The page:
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. 2015 Mar;16(3):179-90.
doi: 10.1631/jzus.B1400197.

Moringa Oleifera Extract Enhances Sexual Performance in Stressed Rats

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Free PMC article

Moringa Oleifera Extract Enhances Sexual Performance in Stressed Rats

Thawatchai Prabsattroo et al. J Zhejiang Univ Sci B. .
Free PMC article

Abstract

Aphrodisiacs are required to improve male sexual function under stressful conditions. Due to the effects of oxidative stress and dopamine on male sexual function, we hypothesized that Moringa oleifera leaves might improve male sexual dysfunction induced by stress. Therefore, the effects on various factors playing important roles in male sexual behavior, such as antioxidant effects, the suppression of monoamine and phosphodiesterase type 5 (PDE-5) activities, serum testosterone and corticosterone levels, and histomorphological changes in the testes, of a hydroethanolic extract of M. oleifera leaves were investigated. Various doses of extract including 10, 50, and 250 mg/kg body weight (BW) were given orally to male Wistar rats before exposure to 12 h-immobilization stress for 7 d. The results demonstrated that the extract showed both antioxidant and monoamine oxidase type B (MAO-B) suppression activities. At 7 d of treatment, the low dose of extract improved sexual performance in stress-exposed rats by decreasing intromission latency and increasing intromission frequency. It also suppressed PDE-5 activity, decreased serum corticosterone level, but increased serum testosterone, numbers of interstitial cells of Leydig and spermatozoa. The increased numbers of interstitial cells of Leydig and spermatozoa might have been due to the antioxidant effect of the extract. The increased sexual performance during the intromission phase might have been due to the suppression of MAO-B and PDE-5 activities and increased testosterone. Therefore, M. oleifera is a potential aphrodisiac, but further research concerning the precise underlying mechanisms is still needed.

Keywords: Moringa oleifera; Sexual behaviors; Stress.

Conflict of interest statement

Compliance with ethics guidelines: Thawatchai PRABSATTROO, Jintanaporn WATTANATHORN, Sitthichai IAMSAARD, Pichet SOMSAPT, Opass SRITRAGOOL, Wipawee THUKHUMMEE, and Supaporn MUCHIMAPURA declare that they have no conflict of interest.

All institutional and national guidelines for the care and use of laboratory animals were followed.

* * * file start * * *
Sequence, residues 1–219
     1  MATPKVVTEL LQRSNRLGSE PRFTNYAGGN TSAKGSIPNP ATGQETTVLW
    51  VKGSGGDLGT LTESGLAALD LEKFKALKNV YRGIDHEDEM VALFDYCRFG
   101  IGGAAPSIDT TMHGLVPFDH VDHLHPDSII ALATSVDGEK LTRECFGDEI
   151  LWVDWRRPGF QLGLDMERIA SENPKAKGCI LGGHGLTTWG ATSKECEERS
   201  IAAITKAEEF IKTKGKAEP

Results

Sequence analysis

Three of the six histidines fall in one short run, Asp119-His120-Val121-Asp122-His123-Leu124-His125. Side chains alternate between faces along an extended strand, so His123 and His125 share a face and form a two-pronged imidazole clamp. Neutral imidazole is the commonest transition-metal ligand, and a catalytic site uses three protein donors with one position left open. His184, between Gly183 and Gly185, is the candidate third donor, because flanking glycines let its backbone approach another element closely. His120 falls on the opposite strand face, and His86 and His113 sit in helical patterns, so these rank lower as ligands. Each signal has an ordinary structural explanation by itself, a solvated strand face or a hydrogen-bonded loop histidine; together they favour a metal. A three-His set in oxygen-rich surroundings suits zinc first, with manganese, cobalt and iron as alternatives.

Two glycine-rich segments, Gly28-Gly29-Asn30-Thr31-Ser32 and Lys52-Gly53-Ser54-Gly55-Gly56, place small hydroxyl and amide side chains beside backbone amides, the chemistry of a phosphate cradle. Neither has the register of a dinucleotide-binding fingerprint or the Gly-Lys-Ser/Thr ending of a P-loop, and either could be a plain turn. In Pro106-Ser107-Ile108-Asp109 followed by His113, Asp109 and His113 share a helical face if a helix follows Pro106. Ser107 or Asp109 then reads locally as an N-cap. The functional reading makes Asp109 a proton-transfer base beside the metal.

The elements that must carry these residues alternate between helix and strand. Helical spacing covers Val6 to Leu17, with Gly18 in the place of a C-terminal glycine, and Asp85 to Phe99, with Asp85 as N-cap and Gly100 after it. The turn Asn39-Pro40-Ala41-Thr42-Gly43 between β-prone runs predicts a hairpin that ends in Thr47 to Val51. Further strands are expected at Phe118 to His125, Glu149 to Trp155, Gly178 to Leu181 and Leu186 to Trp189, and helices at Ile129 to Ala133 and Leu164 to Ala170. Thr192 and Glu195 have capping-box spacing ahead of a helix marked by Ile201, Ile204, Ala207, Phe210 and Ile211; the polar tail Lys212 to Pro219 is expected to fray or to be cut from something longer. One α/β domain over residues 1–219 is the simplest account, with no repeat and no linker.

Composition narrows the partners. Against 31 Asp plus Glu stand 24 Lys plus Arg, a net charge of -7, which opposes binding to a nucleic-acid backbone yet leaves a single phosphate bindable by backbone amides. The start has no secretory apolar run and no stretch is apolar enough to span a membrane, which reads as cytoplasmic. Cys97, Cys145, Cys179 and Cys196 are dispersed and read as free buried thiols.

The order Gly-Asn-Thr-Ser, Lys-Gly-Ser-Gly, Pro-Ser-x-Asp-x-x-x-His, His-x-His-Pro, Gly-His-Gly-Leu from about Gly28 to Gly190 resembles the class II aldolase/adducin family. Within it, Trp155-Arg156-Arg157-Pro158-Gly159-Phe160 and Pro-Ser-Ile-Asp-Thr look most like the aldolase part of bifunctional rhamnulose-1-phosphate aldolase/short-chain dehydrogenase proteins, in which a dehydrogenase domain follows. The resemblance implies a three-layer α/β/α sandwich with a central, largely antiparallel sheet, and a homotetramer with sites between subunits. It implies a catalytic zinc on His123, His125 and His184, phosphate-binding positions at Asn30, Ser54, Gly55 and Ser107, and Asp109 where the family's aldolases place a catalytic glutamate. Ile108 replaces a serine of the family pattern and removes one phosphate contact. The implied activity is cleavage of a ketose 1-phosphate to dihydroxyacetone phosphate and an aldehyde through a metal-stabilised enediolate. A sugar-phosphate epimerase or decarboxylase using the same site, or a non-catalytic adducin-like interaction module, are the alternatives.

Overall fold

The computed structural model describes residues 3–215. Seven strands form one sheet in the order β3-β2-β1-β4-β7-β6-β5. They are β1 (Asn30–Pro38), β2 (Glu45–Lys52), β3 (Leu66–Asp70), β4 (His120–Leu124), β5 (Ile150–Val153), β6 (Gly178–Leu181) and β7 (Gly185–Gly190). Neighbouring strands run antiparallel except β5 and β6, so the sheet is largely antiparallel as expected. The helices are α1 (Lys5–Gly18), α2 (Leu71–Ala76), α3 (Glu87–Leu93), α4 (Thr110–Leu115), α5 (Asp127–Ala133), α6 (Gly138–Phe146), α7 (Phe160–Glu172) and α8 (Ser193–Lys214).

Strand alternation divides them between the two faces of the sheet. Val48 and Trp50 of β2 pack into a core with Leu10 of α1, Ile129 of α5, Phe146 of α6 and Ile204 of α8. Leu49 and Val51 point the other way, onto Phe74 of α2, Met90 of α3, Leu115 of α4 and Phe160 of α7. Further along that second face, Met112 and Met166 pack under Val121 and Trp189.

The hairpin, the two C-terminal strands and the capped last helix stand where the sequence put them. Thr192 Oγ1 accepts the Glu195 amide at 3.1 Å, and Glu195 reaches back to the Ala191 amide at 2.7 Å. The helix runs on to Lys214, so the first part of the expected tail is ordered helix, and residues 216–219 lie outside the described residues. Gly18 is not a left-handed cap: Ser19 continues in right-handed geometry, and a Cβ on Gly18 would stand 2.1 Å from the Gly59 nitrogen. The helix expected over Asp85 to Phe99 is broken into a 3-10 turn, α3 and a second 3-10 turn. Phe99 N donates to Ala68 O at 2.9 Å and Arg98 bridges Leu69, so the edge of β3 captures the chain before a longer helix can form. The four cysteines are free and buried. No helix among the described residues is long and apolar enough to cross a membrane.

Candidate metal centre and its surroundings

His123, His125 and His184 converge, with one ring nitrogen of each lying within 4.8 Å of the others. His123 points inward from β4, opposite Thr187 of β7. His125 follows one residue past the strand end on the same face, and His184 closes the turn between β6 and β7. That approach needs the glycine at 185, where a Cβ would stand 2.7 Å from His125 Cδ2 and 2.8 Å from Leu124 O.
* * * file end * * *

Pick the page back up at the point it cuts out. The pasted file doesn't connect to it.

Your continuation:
Figures

Fig. 1
Fig. 1
DPPH radical scavenging activities of M. oleifera leaf extract and ascorbic acid (standard control)
Fig. 2
Fig. 2
Ferric reducing antioxidant power (FRAP) of M. oleifera leaf extract using ascorbic acid data to provide a calibration curve FRAP activity of M. oleifera is 399 μmol/L AAE/mg extract
Fig. 3
Fig. 3
Effect of hydro-ethanolic extracts of M. oleifera leaves on phosphodiesterase type 5 (PDE-5) activity in the penis of stress-exposed rats after 7 d of treatment Data are expressed as mean±SEM (n=6). * P<0.05, ** P<0.01, compared with Group II. # P<0.05, compared with Group I
Fig. 4
Fig. 4
Effect of hydro-ethanolic extracts of M. oleifera leaves on serum testosterone levels of stress-exposed rats after 7 d of treatment Data are expressed as mean±SEM (n=6). * P<0.05, ** P<0.01, *** P<0.001, compared with Group II. ### P<0.001, compared with Group I
Fig. 5
Fig. 5
Effect of hydro-ethanolic extracts of M. oleifera leaves on serum corticosterone levels of stress-exposed rats after 7 d of treatment Data are expressed as mean±SEM (n=6). * P<0.05, ** P<0.01, *** P<0.001, compared with Group II. # P<0.05, ## P<0.01, compared with Group I
Fig. 6
Fig. 6
Haematoxylin and eosin (H&E) stained frozen sections of rat testis showing the histomorphology of seminiferous tubules, Sertoli cells (SC), spermatogonia (SG), primary spermatocytes (PS), spermatids (SP), sperm, and Leydig cells (LC) in the following treatment groups: (a) naive control; (b) vehicle plus stress; (c) sildenafil citrate plus stress; (d) Tianeptine plus stress; (e)–(g) M. oleifera at doses of 10, 50, and 250 mg/kg plus stress, respectively

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